Remembering the Fallen: on this day in 1918, Trooper Victor Dey Smedmore, the Household Battalion, was killed in action near Arras in France.
Born and raised in Jamaica, he had sailed to England with several companions to enlist, arriving in Bristol on the 15th of August in 1915. He joined 1st Battalion, the Life Guards, and over a year later was sent to France with the British Expeditionary Force as part of the Household Battalion. This was an infantry battalion of the British army, formed from the reserves of the Household Cavalry regiments due to the need for infantry on the Western Front.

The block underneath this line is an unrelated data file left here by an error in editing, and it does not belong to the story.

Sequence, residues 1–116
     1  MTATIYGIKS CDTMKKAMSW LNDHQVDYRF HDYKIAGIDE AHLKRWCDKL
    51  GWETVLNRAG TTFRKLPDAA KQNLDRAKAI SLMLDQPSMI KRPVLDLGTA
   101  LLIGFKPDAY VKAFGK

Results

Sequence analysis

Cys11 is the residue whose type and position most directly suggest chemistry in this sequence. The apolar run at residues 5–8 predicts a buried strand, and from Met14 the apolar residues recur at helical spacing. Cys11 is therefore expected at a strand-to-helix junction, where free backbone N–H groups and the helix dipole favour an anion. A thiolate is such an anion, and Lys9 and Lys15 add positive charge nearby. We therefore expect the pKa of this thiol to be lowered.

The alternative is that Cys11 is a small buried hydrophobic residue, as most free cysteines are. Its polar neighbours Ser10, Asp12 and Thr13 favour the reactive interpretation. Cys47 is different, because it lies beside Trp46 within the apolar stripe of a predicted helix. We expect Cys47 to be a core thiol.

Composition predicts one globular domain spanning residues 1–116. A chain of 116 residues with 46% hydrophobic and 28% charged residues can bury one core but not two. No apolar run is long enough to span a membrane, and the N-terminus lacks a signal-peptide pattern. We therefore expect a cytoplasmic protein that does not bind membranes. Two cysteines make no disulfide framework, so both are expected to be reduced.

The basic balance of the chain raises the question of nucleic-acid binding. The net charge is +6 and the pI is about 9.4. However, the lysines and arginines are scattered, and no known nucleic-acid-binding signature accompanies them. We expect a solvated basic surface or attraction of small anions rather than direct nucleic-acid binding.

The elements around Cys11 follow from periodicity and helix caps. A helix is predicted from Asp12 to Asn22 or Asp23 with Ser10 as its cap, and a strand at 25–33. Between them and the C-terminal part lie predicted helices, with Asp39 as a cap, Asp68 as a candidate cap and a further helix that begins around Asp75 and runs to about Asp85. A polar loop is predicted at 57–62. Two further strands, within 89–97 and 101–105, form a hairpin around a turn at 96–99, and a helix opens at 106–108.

Trooper Smedmore was wounded in action twice before being killed near Arras. His mother received the death notice from the War Office with the information that he had been buried “at a point just north west of Monchy Le Preux, south east of Arras”, but sadly his burial site has not been discovered. He is remembered on the Arras Memorial in Faubourg-d’Amiens in France, and on the war memorial at Wolmer’s School in Kingston.
Victor, from Kingston, Jamaica, was 32 years old